So Boston general manager Dan Duquette thinks Gerald Williams is a thug?
This is a man who wouldn't buy himself a car or own a house until last year because he was intent on sending as much money as he could to help his mother, 12 brothers and sisters, and 26 nieces and nephews better their lives.
This is a man who spent time during the 1994-95 players strike advising troubled youth in his rough-and-tumble hometown of LaPlace, La., and still works with a police officer friend there to help the community.
This is man who is one of the most soft-spoken, and well-spoken, people you will find in a baseball clubhouse, even if he tends to drift toward the esoteric.
This is a man who ESPN's Peter Gammons calls "one of the finest human beings in the business" and who Alex Rodriguez describes as "one of the most saintly people" around.
This is a man who if he wasn't playing baseball likely would be, and still may become, an educator or a counselor.
This is a man who calls his mother virtually every day.
This is a thug?
"Gerald is intensely bright, extremely well-read and without question one of the most principled and decent people you could ever meet," said Seth Levinson, for 13 years Williams' agent, attorney and dear friend. "If I had one sentence to describe him, that would be it."
Williams prides himself on being a professional. And maintaining that professionalism is virtually a sacred trust to him.
That is why he says the fallout from the now-infamous Aug. 29 game with Boston has troubled him, because people didn't see him for what he is.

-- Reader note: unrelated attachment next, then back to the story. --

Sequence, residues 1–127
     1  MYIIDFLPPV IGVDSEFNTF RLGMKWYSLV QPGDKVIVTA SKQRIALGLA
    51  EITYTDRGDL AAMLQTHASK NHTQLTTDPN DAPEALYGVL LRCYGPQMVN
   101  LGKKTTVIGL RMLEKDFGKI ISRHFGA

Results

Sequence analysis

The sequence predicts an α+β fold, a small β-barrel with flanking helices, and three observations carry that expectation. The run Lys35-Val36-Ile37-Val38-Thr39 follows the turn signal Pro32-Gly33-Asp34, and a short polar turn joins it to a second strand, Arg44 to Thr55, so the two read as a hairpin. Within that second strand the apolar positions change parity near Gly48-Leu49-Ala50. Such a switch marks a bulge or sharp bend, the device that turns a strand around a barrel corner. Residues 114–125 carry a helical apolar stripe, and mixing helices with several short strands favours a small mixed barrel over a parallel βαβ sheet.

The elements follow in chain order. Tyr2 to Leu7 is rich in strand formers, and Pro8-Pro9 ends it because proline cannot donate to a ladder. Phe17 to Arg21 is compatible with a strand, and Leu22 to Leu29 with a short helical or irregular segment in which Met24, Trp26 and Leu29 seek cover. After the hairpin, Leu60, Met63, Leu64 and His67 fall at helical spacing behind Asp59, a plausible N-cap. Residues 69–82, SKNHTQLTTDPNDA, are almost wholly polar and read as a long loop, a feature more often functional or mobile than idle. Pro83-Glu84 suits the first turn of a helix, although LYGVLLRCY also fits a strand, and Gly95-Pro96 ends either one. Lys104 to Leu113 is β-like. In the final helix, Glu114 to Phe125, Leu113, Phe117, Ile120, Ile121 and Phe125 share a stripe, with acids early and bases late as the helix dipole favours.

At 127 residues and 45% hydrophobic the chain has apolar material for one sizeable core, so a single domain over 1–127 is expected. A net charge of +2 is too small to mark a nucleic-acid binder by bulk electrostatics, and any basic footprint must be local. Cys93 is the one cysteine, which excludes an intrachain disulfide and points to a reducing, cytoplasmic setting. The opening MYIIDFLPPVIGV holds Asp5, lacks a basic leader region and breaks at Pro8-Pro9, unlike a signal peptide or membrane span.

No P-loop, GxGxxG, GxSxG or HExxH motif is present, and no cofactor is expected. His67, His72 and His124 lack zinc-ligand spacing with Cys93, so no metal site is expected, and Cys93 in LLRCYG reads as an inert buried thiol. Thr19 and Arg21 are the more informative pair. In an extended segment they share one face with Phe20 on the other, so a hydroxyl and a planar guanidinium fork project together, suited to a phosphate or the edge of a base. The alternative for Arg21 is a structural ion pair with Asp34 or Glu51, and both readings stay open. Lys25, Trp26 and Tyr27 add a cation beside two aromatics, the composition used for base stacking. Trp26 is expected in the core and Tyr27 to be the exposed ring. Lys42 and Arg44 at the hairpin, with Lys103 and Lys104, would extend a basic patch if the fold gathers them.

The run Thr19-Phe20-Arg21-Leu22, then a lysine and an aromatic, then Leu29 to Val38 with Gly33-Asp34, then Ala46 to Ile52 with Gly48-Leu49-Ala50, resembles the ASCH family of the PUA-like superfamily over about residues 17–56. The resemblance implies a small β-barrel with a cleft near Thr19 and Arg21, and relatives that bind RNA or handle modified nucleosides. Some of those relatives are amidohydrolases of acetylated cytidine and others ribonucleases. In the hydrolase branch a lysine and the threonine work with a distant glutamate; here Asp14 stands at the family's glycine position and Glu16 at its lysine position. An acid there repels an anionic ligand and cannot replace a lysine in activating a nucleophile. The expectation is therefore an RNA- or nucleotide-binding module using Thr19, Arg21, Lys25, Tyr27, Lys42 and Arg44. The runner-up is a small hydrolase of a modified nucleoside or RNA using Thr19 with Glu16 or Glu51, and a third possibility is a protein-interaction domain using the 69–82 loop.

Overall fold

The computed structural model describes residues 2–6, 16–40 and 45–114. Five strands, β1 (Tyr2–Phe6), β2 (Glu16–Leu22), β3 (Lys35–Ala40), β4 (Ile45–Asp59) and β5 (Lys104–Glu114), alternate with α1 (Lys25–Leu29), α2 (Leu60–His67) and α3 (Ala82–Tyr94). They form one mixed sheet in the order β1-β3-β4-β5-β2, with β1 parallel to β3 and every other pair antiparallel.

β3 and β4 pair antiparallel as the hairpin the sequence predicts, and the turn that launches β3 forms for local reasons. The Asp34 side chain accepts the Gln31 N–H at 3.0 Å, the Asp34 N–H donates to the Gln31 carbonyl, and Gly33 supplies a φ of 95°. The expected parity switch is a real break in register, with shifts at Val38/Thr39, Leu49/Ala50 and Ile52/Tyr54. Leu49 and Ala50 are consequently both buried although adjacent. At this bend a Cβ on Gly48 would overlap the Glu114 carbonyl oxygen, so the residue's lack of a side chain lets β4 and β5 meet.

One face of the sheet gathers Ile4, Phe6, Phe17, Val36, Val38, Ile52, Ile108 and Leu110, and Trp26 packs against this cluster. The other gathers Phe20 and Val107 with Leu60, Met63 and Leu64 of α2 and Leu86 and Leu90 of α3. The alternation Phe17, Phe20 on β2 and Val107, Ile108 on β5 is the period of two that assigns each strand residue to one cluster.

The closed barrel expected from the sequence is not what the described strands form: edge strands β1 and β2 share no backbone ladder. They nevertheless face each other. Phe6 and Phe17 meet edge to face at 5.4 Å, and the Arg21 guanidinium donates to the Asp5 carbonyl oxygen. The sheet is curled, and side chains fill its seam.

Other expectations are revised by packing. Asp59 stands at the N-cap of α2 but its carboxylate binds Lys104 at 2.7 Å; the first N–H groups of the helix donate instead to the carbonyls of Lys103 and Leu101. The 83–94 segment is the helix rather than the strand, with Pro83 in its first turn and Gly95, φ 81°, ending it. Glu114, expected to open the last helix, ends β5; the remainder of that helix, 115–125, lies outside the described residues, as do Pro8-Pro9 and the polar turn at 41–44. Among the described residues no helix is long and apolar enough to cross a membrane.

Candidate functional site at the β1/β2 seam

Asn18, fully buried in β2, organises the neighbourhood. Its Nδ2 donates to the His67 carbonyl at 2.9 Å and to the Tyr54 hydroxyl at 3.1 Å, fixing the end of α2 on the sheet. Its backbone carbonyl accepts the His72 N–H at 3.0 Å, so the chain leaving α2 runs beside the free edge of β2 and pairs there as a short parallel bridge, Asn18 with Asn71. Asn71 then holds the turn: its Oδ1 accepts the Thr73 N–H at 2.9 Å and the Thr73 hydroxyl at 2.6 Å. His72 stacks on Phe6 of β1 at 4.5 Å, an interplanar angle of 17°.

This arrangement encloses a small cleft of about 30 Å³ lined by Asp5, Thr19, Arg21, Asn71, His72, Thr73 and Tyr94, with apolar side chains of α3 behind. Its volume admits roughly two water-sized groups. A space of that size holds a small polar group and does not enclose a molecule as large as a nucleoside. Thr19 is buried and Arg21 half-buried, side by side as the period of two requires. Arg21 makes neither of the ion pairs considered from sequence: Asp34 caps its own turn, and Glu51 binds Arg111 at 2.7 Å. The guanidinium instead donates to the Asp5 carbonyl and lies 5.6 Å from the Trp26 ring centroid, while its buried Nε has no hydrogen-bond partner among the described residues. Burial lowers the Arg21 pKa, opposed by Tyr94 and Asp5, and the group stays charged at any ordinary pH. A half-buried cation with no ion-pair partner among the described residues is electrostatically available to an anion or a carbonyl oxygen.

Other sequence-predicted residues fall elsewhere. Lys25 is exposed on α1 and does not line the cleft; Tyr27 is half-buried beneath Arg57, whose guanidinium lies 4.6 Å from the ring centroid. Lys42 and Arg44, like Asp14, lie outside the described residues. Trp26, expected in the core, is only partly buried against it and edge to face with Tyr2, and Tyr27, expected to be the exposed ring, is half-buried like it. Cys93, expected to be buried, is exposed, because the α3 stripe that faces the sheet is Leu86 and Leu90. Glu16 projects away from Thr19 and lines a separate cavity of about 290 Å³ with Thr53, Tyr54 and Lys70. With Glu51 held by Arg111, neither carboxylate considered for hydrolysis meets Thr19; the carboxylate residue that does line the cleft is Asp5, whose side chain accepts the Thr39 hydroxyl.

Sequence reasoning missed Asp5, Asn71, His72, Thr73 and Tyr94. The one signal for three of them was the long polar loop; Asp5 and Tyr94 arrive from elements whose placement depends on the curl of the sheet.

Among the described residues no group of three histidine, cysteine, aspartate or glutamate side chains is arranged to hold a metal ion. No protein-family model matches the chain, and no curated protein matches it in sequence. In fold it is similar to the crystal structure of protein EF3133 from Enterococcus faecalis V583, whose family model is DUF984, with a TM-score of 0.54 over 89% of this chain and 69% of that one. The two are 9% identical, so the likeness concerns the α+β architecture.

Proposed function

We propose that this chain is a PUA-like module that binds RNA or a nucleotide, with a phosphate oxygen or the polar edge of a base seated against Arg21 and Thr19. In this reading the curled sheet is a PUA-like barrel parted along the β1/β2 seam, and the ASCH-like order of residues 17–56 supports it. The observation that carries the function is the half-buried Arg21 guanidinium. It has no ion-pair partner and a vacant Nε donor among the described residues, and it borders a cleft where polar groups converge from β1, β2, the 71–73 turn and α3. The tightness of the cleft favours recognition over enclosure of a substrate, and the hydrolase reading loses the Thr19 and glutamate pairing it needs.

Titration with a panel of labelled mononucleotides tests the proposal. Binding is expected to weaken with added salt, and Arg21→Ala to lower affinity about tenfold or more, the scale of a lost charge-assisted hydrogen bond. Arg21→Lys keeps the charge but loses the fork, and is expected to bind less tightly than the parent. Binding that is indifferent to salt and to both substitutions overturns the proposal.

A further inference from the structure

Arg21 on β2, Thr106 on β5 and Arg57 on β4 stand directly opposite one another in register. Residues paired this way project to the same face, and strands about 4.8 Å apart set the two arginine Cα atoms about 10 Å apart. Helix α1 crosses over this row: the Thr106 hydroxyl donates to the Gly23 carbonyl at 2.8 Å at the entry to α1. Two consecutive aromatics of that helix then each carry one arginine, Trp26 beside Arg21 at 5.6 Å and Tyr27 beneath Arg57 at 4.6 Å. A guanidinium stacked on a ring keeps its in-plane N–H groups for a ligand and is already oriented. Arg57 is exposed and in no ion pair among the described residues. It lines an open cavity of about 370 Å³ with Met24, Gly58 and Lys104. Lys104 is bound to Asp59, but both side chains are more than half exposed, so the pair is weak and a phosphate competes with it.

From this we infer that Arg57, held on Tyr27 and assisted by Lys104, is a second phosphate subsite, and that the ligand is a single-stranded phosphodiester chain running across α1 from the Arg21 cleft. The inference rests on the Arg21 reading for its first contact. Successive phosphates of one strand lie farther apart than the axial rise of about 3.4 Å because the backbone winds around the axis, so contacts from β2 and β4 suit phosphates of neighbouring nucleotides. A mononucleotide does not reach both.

"I try to always be respectful and mindful of others, as I've been taught," Williams said. "And that's why this is pretty much a disheartening event for me, because of that which I believe in and that a situation like this didn't allow me to have a true representation of that which I choose to."
People didn't know Williams had reason to believe Pedro Martinez was going to throw at him. They didn't know Williams nearly had his career ended in the minor leagues when his right hand was broken after being hit in a similar situation.
Williams cherishes his privacy, preferring to stay quietly out of the limelight. He will give of himself endlessly to help his teammates, but wants none of the credit. Ask him after a game about a key hit, and he'll tell you how well the Rays' pitcher threw. Dote on his impressive individual accomplishments, and he'll remind you that it's a team game.
Inquire about his remarkable generosity with his family, about buying a car and a house for his mother (who raised him alone) well before he bought his own, about ensuring his relatives can put food on their tables, about offering to help them further their educations, and you get a quiet smile: "That's not something I wish to speak on."
Williams doesn't want to come across holier-than-thou, claiming he is no different than anyone else, except for priorities.
"I'm happy just being able to inhale and exhale," Williams said. "Material things have never been something that ruled my life. What I try to do are the things that are most important for me to have happiness and that doesn't necessarily come through the possessions that I have. Perhaps it's the joy that others may feel about what I'm able to do to help them gain, or have some type of success, that will ultimately allow them to become a better person and basically allows them to have a better quality of life.
"That's what I see my purpose as. Most people struggle to understand what their purpose is. Maybe I'm blessed in that area."
Does that sound like a thug to you?
SOUNDS FAMILIAR: Mike DiFelice can relate to what Ryan Rupe went through. DiFelice was playing for Class A St. Petersburg in 1993 when doctors told him he had a blood clot in his right arm, requiring three months of treatment and surgery.
"You're young and strong, playing a game, and somebody tells you you have a blood clot and in a span of 30 minutes you're in an ICU unit and there's talk that if the clot moves you could die," DiFelice said. "It shakes you up a little bit."
HOO-RAYS: The Cubs remain interested in pursuing a trade for Vinny Castilla, reportedly assigning their top scout to track him the rest of the season. Outfielders Carl Crawford and Josh Hamilton were named to Howe Sportsdata's All-Teen Team.